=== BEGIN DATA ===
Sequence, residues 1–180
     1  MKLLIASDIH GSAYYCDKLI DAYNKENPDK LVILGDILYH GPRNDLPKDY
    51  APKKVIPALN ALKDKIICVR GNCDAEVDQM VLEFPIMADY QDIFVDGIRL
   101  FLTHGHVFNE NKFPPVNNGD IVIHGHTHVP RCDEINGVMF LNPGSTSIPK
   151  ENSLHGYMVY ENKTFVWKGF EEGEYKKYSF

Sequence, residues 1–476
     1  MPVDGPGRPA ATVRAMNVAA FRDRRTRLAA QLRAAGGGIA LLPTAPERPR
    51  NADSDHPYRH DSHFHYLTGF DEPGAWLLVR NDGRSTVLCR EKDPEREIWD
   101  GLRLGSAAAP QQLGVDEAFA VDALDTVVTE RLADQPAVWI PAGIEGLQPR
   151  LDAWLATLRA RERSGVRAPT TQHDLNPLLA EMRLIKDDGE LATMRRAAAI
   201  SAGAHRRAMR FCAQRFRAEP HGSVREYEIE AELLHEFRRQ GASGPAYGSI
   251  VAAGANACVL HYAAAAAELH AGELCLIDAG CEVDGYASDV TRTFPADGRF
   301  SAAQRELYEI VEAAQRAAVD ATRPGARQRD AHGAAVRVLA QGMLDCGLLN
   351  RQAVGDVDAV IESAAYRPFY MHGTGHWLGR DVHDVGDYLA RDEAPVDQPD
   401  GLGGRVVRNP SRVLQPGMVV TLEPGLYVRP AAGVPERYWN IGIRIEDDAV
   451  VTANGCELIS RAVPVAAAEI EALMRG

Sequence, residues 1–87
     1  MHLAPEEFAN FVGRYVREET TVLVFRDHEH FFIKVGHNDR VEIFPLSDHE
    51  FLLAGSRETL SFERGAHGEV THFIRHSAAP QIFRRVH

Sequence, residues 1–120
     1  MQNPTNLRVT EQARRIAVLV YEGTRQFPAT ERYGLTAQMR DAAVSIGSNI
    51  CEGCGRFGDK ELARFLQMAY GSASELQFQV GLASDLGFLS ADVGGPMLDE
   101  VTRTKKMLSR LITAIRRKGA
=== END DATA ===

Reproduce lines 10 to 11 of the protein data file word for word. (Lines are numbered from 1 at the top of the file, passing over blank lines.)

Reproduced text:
   151  LDAWLATLRA RERSGVRAPT TQHDLNPLLA EMRLIKDDGE LATMRRAAAI
   201  SAGAHRRAMR FCAQRFRAEP HGSVREYEIE AELLHEFRRQ GASGPAYGSI